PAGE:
Show that if $$f$$ is holomorphic on $${\mathbb{D}}$$ and continuous on $$\overline{{\mathbb{D}}}$$ with $$f(\overline{{\mathbb{D}}}) \subseteq {\mathbb{D}}$$, then $$f$$ has a unique fixed point in $${\mathbb{D}}$$.

Note: this is subtle because $${\mathbb{D}}$$ is not compact!

Continuous images of compact sets are compact, so $$f(\overline{{\mathbb{D}}})$$ is a compact subset of $${\mathbb{D}}$$ and thus contained in some $${\mathbb{D}}_r(0)$$ with $$0<r<1$$. On this disc, \begin{align*} {\left\lvert {f(z)} \right\rvert} = {\left\lvert {f(z) - z + z} \right\rvert} < {\left\lvert {z} \right\rvert} .\end{align*} By Rouché, $$f(z)-z$$ and $$z$$ have the same number of zeros, which is one. This holds for any $$r'$$ with $$r<r'<1$$, and thus holds on $${\mathbb{D}}$$.

Find the number of zeros in $${\left\lvert {z} \right\rvert} \in (1, 2)$$ of \begin{align*} f(z) \coloneqq z^4 + 5z + 3 .\end{align*} Note the strict inequality.

On $${\left\lvert {z} \right\rvert} = 1$$:

• Big: $$M(z) = 5z$$
• Small: $$m(z) = z^4 + 3$$
• The estimate: \begin{align*} {\left\lvert {m(z)} \right\rvert} \leq {\left\lvert {z} \right\rvert}^4 + 3 = 4 < 5 = {\left\lvert {M(z)} \right\rvert} \implies 1 = {\sharp}Z_M = {\sharp}Z_f .\end{align*}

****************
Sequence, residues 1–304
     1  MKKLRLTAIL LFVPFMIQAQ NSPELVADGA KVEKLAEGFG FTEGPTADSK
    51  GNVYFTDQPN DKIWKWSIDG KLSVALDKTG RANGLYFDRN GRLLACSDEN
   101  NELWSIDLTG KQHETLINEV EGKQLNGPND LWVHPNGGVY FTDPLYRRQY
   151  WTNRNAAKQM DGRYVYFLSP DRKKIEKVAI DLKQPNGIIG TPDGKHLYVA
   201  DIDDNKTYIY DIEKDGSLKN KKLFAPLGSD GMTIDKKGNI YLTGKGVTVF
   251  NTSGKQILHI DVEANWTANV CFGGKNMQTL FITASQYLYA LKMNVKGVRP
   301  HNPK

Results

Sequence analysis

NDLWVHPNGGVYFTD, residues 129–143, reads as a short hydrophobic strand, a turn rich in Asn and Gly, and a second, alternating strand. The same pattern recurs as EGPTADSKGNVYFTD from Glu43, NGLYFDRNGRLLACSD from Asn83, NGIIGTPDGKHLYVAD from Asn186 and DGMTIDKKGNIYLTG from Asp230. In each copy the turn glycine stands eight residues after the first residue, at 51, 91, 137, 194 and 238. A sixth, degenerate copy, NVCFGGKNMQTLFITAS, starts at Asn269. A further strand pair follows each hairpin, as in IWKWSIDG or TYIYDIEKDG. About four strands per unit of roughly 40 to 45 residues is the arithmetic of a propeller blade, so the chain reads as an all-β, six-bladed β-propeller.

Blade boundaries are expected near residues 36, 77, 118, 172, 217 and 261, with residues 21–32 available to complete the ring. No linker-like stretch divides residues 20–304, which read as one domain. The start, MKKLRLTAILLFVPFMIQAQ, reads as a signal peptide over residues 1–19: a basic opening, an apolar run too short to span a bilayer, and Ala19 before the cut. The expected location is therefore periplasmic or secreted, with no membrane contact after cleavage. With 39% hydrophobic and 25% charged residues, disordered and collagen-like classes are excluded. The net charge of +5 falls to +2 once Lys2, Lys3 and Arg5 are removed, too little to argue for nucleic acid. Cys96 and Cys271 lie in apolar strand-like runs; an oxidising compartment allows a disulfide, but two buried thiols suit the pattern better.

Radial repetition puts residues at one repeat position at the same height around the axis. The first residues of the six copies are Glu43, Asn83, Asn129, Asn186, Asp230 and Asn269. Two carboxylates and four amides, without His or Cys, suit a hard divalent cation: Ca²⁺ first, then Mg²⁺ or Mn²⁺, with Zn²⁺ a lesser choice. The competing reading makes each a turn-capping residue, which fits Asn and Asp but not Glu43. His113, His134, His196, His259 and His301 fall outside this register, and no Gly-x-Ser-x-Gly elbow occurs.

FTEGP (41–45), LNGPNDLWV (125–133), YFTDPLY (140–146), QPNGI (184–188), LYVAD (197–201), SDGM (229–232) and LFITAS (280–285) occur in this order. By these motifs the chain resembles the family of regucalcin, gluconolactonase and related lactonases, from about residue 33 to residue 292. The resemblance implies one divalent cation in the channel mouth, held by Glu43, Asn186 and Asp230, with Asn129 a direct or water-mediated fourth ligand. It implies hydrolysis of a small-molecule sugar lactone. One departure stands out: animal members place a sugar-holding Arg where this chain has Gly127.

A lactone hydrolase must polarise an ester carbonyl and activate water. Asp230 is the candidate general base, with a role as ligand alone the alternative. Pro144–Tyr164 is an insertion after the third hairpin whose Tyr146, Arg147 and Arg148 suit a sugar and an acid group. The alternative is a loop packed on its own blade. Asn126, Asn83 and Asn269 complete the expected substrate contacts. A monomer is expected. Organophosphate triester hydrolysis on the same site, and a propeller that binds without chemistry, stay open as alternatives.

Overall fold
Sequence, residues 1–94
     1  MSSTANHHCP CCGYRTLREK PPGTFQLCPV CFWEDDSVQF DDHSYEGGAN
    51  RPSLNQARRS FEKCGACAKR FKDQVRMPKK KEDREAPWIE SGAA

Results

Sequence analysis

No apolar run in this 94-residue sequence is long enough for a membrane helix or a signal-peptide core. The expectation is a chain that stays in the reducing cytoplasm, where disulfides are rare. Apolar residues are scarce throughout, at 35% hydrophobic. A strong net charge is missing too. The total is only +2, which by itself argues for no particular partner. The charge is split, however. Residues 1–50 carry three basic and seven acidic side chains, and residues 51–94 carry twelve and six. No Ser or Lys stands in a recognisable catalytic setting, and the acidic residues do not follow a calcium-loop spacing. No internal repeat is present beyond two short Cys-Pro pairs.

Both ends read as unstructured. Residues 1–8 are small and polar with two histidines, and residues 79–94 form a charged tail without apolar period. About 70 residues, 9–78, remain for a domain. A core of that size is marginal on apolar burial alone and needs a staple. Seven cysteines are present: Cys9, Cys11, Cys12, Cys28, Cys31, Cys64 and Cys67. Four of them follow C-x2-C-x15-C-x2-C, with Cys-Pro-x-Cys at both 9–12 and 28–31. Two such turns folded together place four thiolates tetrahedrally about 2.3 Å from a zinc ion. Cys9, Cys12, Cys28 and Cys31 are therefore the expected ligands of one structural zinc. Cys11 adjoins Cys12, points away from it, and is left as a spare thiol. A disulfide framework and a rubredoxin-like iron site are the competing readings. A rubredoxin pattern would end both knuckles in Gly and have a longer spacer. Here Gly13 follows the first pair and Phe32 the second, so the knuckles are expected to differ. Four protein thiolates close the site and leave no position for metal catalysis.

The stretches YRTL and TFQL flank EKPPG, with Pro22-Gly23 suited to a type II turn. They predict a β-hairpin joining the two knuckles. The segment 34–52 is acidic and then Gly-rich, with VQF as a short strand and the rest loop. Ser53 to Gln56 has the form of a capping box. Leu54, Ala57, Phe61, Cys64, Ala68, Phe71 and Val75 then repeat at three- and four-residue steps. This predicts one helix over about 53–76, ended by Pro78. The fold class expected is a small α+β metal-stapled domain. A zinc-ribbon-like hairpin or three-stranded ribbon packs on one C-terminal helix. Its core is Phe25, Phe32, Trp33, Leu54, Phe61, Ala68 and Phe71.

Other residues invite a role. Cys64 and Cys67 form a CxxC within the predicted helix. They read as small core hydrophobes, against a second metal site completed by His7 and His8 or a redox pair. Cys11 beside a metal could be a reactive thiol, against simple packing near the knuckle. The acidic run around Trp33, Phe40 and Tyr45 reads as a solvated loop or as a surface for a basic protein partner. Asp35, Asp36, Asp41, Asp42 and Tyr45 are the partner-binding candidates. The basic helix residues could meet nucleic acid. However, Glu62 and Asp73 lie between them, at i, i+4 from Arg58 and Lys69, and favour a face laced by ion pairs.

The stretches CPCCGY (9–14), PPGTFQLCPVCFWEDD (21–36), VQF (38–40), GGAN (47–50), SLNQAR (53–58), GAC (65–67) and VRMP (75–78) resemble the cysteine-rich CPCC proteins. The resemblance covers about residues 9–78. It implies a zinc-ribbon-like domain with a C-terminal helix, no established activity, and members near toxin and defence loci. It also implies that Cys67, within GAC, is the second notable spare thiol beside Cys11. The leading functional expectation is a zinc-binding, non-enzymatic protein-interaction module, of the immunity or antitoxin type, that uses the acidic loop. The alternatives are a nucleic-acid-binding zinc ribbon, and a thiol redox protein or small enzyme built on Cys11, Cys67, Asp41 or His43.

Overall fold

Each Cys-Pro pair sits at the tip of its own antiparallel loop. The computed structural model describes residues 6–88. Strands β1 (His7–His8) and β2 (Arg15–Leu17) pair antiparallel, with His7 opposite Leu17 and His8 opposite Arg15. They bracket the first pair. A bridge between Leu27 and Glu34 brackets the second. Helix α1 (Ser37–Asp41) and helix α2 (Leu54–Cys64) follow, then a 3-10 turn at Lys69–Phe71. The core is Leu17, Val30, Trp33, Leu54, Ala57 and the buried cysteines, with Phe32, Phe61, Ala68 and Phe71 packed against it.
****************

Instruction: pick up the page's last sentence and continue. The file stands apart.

On $${\left\lvert {z} \right\rvert} = 2$$:

• Big: $$M(z) = z^4$$
• Small: $$m(z) = 5z + 3$$
• The estimate: \begin{align*} {\left\lvert {m(z)} \right\rvert} \leq 5{\left\lvert {z} \right\rvert} + 3 = 13 < 16 = 2^4 = {\left\lvert {M(z)} \right\rvert} \implies 4 = {\sharp}Z_M = {\sharp}Z_f .\end{align*}

So $$f$$ has $$4-1=3$$ zeros on $${\left\lvert {z} \right\rvert} \in (0, 2)\setminus(0, 1) = [1, 2)$$. To get the strict inequality, it suffices to show $$f$$ has no zeros on $${\left\lvert {z} \right\rvert} = 1$$. Estimate a lower bound: \begin{align*} {\left\lvert {z^4 + 5z + 3} \right\rvert} \geq {\left\lvert {{\left\lvert {5z+3} \right\rvert} - {\left\lvert {z} \right\rvert}^4 } \right\rvert} = {\left\lvert {{\left\lvert {5z+3} \right\rvert} - 1 } \right\rvert} \geq {\left\lvert { 2-1} \right\rvert} > 0 .\end{align*} The nontrivial bound at the end comes from the fact that $$5z+3 = 3 + 5e^{it}$$ whose modulus ranges between $$3-5 = -2$$ and $$3+5 = 8$$.

#complex/exercise/completed